However, other challenges with any two-dose regimen will exist in many LMICs where platforms to easily identify, locate, and reach—twice—adults targeted for vaccination are lacking.8 If the two vaccine injections require different doses, this will add complexity for health workers with little formal training, but can be managed with innovative packaging and proper change management to reduce errors.

Trust and confidence in any COVID-19 vaccine will be crucial to its success. The appropriate pausing of the trial to carefully investigate for safety concerns generated much publicity despite the reassuring outcomes of the safety review and trial recommencement. Public concerns might have been raised by the unplanned administration of different doses, notwithstanding that the per-protocol primary results exceeded licensure thresholds and that the serendipitous findings for recipients of the mixed-dose regimen were of high efficacy.

Further trials to substantiate the unexpected findings here and investigation of efficacy in older adults are now needed. When faced with vaccine choices, National Immunization Technical Advisory Groups will have to consider all factors and decide which vaccine is right for their setting. Efficacy is an important consideration, but so are pragmatics of delivery, community acceptance, longevity of effect, whether a vaccine reduces infection and transmission as well as disease, efficacy in high-risk groups, and, of course, safety.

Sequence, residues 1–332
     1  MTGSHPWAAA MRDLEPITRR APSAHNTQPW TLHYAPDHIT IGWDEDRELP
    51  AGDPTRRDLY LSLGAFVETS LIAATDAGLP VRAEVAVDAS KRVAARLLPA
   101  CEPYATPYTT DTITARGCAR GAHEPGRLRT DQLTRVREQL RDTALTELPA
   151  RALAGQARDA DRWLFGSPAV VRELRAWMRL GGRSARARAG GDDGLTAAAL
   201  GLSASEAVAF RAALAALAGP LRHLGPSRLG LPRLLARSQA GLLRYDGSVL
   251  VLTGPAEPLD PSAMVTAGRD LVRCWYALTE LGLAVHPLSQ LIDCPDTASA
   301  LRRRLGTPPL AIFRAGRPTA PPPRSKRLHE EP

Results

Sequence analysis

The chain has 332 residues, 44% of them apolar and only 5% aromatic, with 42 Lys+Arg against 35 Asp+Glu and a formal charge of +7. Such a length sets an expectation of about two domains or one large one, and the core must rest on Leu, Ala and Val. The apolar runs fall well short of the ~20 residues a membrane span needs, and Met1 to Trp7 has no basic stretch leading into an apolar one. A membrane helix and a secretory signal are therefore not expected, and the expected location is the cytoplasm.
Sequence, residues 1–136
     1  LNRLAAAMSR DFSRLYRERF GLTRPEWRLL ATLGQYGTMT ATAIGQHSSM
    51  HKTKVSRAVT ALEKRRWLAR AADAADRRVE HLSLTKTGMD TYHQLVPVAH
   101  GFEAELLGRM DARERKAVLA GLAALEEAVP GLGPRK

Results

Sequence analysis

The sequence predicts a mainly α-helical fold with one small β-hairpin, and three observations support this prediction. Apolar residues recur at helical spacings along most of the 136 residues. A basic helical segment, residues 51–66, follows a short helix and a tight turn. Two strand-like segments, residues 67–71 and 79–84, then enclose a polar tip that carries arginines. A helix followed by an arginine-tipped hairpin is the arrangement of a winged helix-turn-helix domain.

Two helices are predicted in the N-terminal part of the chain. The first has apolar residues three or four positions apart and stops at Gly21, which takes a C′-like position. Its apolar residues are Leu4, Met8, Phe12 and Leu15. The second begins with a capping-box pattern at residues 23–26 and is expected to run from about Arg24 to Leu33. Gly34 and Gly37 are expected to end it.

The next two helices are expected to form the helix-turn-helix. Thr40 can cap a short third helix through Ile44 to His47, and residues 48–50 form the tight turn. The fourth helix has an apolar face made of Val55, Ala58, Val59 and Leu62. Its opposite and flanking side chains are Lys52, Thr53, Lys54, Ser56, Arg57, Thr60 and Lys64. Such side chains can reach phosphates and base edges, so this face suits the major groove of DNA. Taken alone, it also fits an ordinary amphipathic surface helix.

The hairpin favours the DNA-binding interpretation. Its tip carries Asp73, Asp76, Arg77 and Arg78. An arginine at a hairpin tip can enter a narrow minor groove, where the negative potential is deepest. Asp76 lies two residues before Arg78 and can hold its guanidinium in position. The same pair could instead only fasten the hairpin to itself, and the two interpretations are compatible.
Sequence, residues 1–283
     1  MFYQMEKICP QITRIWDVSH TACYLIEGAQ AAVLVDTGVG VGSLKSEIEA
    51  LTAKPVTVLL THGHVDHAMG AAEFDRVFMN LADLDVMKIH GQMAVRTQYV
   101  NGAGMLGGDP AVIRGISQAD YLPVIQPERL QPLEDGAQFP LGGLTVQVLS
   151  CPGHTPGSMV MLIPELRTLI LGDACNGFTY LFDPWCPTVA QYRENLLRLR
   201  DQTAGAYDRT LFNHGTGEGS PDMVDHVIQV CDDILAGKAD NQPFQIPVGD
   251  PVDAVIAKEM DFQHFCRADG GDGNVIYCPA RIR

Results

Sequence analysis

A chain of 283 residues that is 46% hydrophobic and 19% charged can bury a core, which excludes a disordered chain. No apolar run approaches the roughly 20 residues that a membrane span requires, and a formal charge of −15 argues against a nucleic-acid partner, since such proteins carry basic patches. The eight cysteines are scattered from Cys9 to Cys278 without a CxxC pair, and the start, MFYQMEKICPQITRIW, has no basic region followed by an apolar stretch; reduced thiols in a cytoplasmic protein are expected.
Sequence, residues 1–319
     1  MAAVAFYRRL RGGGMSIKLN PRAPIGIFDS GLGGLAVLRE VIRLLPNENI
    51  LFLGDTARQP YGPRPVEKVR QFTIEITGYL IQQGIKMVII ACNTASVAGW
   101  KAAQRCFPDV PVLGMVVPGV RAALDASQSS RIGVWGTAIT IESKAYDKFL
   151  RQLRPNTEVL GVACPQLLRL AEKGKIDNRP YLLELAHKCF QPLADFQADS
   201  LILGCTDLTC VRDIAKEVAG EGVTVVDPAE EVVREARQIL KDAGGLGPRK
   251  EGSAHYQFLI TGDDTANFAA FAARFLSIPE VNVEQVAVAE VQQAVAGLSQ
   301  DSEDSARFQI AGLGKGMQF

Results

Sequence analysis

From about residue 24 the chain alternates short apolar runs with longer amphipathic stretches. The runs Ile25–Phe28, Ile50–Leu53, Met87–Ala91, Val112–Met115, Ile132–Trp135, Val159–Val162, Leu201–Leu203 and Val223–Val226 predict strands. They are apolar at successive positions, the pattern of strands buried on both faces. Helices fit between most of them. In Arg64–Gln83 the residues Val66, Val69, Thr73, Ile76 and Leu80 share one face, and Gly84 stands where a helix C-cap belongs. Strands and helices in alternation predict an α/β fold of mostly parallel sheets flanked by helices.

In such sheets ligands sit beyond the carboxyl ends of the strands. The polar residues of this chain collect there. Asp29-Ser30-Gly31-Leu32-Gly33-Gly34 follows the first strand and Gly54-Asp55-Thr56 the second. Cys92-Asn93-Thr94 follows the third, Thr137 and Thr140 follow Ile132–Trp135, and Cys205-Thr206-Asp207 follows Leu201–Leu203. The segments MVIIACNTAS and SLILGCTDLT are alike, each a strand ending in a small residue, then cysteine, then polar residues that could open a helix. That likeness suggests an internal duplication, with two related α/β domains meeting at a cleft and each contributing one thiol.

Despite the outstanding questions and challenges in delivering these vaccines, it is hard not to be excited about these findings and the existence of three safe and efficacious COVID-19 vaccines, with a further 55 already in clinical trials.1

With a range of manufacturers, a very large global investment in production, and cooperation in procurement and distribution, it seems likely that 2021 will see COVID-19 vaccines made available to all countries in the world—at least for their priority groups.9 Perhaps by this time next year, we can celebrate the global control of SARS-CoV-2, in person.

reference link: https://www.ncbi.nlm.nih.gov/pmc/articles/PMC7832220/